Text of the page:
Exploding Water Experiment Hits Home for Reader

Microwave Boiling Water Explosion‘Tis the season for spending time in the kitchen making those holiday feasts. So, when we were choosing a timely experiment to send in our Experiment of the Week email, we figured that Exploding Water in the Microwave was a great choice to make sure everyone had a safe and happy holiday.  Our choice was affirmed when a reader took the time to let us know about the value of this experiment…

Now watch the video…

I was very interested to receive the email about water from the microwave exploding. Let me tell you my story. I make a pot of c

offee in the a.m. and then just reheat it in a mug throughout the day. I have done this for many years. Several months ago, without any thought, I went through my usual routine coffee heating, same mug, same power, same time as always. When completed, I set the mug on the counter and, as always, added a spoonful of powdered coffee creamer. The reaction was unbelievable and so fast that, initially, I could not comprehend what had happened. There was literally coffee everywhere in my kitchen and all over me. Fortunately, I was not burned. My face just felt a little warm and rosy for 24 hrs. I have included photos of the coffee “hanging” from my 8-ft kitchen ceiling. All the cupboards including those 4 ft away were covered with coffee splatters. The 10 oz mug had about 1/2 in or less of coffee left in it. Several months later, I am still finding a spot of coffee in obscure places here and there in the kitchen.  So – thank you for putting out the warning. I have sent it on to many family and friends.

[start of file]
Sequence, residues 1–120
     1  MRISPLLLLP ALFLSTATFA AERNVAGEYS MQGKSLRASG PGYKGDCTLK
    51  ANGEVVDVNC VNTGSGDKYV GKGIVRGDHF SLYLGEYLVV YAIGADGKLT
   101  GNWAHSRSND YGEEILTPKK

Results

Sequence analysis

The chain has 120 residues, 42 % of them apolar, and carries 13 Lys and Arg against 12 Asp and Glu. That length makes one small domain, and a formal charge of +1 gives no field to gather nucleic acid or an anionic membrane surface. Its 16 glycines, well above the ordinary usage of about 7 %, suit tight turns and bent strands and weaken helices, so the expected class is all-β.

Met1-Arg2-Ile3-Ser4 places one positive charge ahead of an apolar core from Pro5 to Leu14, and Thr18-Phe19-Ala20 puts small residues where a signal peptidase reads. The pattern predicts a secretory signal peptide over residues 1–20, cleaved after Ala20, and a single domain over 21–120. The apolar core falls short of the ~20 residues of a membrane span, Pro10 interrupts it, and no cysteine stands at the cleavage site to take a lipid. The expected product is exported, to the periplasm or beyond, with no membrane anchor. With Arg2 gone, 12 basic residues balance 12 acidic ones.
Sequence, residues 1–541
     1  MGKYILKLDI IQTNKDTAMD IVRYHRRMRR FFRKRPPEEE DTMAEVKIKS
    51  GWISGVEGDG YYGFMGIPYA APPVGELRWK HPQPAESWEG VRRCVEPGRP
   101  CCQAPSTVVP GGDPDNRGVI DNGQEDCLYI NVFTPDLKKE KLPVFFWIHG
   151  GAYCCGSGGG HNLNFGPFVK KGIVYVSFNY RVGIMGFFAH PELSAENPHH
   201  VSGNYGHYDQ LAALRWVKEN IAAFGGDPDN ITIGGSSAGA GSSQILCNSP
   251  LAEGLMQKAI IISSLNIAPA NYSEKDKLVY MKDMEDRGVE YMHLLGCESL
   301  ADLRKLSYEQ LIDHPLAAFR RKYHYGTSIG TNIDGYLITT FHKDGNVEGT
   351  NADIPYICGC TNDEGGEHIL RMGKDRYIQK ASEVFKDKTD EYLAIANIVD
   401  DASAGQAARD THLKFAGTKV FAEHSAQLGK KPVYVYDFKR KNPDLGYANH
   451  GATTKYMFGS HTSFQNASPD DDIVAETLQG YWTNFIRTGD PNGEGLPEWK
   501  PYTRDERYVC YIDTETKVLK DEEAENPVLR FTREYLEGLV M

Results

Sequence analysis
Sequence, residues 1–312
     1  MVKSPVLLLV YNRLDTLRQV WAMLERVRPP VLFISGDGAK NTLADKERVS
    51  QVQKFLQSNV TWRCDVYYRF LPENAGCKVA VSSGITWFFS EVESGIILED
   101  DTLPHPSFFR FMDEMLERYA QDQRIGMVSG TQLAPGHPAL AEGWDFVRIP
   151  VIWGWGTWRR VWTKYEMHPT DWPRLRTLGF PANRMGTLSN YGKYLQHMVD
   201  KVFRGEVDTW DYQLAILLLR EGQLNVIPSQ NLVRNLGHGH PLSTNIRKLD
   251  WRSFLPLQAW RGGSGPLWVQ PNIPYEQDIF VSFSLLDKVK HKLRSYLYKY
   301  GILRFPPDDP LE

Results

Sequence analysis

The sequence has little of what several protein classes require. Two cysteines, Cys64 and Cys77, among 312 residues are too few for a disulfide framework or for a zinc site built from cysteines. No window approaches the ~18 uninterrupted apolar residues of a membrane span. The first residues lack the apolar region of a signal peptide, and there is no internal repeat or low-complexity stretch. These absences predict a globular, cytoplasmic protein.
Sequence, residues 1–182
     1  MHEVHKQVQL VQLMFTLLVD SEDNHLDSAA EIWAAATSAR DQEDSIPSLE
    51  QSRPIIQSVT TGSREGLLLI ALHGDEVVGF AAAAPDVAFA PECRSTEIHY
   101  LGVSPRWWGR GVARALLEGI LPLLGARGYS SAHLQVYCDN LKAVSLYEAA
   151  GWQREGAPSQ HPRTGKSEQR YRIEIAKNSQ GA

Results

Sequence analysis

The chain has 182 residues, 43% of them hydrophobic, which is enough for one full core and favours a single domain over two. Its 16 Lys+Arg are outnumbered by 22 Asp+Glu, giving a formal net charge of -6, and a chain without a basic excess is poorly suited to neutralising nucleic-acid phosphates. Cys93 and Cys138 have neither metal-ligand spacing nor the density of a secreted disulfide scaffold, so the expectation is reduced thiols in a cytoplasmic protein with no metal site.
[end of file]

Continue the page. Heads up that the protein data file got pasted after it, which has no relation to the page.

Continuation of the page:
— Lucie from Ohio

It is really an honor when our customers let us know that what we are doing has made a difference to them.  Thanks Lucie for your email and for the lesson learned!

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Comments (4)

  • chris@Partnersuche Reply

    First I saw the video, the I decided to try this experiment by myself and then I continued reading… I’m happy I didn’t try this at home.

    Thanks for the warning, Lucie :o)

    February 19, 2009 at 1:18 pm
  • Wasim@Photoshop Tutorials Reply

    Science is Not Always Fun! This is really very dangerous. Lucie was very lucky there indeed to have escaped that accident. But everyone working out there in the kitchen needs to be aware of this for sure. Thanks a lot for this post and I hope that this reaches out to all. I’ll surely share this with whoever I can, online as well as offline.

    September 2, 2009 at 6:00 pm
  • MIke Reply

    That’s good to know, but I’m a little fuzzy on the whole “imperfections” thing. How do imperfections help transition from liquid to gas?

    December 20, 2009 at 6:29 am
  • Steve Spangler Reply

    Imperfections refer to small pits, bumps, divots (some even microscopic) that appear on the surface of the container. These are perfect places for bubbles to form.

    December 20, 2009 at 1:02 pm

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